Canada Goose has been the most abundant species observed in week 9 every year, and 2012 proved to be no exception, although both Red-winged Blackbird and European Starling mounted good challenges to round out the top three, with each species being recorded in numbers of 500+ at least once this week (and 100+ on several other days).  Common Grackles also came back to the site in big numbers this week, adding to the rich blackbird mix in the skies.  For only the second time ever, we had five species with an average of more than 100 individuals observed per day.  The first time was Week 10 of fall 2010, with Canada Goose, Yellow-rumped Warbler, Red-winged Blackbird, American Crow, and American Robin.  This week, it was White-throated Sparrow that rounded out the 100+ club, with American Robin not far behind.  Blue Jays dropped to seventh place this week after being the runner-up last week, even though the mean daily count of 65 was only slightly lower than last week's 75.  American Crow and Black-capped Chickadee slipped down the list even though their numbers increased over last week; Yellow-rumped Warbler was the only other new addition, with nearly 50 per day on average.  The bottom three species from last week's list (American Goldfinch, Cedar Waxwing, and Ring-billed Gull) were displaced by this week's increases by other species.


The Saw-whet Owl Monitoring Program is up and running again - but this one decided to be part of our overall Fall Migration Monitoring Program instead, showing up in the first net round of the morning on Thursday.
(Photo by Simon Duval)

For the third year in a row, we are operating a full six-week Saw-whet Owl Monitoring Program, running nightly (weather permitting) from September 26 through November 6.  The season got off to a tremendous start with 14 Northern Saw-whet Owls (plus 2 Eastern Screech-Owls) on the first night, and another 15 saw-whets on the second.  The pace slowed down after that, with 6 more (plus another screech) on the third night, and a shut-out on the fourth, before a night off due to rain, and then two more evenings with 3 each, for a total of 41 saw-whets in the opening week.  Considering that in the past, we had operated the owl program on 12 nights in September over a five-year period, with a grand total of 7 individuals banded, this week's results are remarkable.  Other research stations to the north of us, in both Ontario and Quebec, have also been reporting a large early movement of saw-whets, so our tally is consistent, though still surprising.  We are very curious whether the migration is simply earlier than usual this year, or particularly large.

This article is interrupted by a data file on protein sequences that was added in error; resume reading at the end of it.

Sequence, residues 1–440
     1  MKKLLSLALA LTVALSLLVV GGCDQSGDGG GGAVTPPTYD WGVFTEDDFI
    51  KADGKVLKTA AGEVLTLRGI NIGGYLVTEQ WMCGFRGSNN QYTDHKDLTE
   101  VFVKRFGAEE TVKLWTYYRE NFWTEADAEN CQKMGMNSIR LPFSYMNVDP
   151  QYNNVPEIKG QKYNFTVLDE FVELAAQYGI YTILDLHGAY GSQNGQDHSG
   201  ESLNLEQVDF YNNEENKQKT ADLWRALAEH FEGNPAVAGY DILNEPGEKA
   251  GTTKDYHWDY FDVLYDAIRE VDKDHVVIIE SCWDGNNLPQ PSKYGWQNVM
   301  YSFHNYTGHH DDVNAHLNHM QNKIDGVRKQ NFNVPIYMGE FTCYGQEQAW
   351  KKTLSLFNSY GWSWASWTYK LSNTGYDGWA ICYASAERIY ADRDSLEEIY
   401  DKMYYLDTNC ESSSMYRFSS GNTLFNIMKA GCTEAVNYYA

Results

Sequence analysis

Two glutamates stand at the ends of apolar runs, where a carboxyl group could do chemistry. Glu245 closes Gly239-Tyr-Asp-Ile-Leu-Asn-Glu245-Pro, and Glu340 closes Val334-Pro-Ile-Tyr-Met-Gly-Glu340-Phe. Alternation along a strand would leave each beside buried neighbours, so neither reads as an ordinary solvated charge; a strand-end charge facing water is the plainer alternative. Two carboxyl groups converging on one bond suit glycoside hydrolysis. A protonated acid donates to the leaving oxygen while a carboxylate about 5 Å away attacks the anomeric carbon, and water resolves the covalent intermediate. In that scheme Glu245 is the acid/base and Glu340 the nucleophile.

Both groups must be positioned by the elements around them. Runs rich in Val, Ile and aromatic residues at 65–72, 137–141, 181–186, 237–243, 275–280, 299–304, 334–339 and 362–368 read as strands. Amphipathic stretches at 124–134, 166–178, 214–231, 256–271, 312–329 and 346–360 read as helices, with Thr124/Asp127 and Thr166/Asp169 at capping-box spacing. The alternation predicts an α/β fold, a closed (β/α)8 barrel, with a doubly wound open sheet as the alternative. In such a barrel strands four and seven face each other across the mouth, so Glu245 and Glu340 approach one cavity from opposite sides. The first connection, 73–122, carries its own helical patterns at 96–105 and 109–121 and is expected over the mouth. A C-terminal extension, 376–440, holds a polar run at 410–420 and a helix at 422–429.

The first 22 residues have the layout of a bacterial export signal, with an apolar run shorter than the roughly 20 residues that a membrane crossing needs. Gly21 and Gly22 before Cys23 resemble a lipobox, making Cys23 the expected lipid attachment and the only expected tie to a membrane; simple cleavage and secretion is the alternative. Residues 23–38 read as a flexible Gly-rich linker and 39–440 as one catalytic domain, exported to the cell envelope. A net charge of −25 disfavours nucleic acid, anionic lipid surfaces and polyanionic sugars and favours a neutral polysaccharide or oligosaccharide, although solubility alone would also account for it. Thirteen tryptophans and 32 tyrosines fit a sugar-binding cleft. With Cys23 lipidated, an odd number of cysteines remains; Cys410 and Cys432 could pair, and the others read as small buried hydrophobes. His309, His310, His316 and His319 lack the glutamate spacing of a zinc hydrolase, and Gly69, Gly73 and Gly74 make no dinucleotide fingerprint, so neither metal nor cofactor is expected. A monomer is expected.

Nearly one year ago (week 10) we banded a cross-billed Blue-headed Vireo; this week we had one with the upper mandible slightly offset from the lower, and with the hooked tip not overhanging the tip as usual.  Less of a concern for the bird, but just as unusual, was the "Orange-crowned Kinglet" below ... a male Ruby-crowned Kinglet with all of its central crown feathers distinctly orange instead of red.
(Photos by Marcel Gahbauer)


The last day of week 9 was by far our busiest day of fall 2012 to date, giving us hope that we are on the verge of the peak of migration.  The next week could be full of many more Yellow-rumped Warblers, White-throated Sparrows, and Ruby-crowned Kinglets ... or not, of course.  The answer to that will be in next week's report!


Remarkably, after banding only three Bicknell's Thrushes over our first seven years, we had two this week, including the one above.
(Photo by Marcel Gahbauer)


The Bicknell's Thrush (listed under the Species at Risk Act as Threatened) wasn't the only species at risk banded this week - we also had this Rusty Blackbird, classified as Special Concern.
(Photo by Gay Gruner)


Not as rare with respec to status, but also getting distinctly uncommon by this point in fall are all the flycatchers, with an occasional Eastern Phoebe such as this the only species we are likely to encounter - in this case finding a perch among one of our hawthorns, liberally decorated with Virginia Creeper.
(Photo by Marcel Gahbauer)

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2002- The Migration Research Foundation Inc.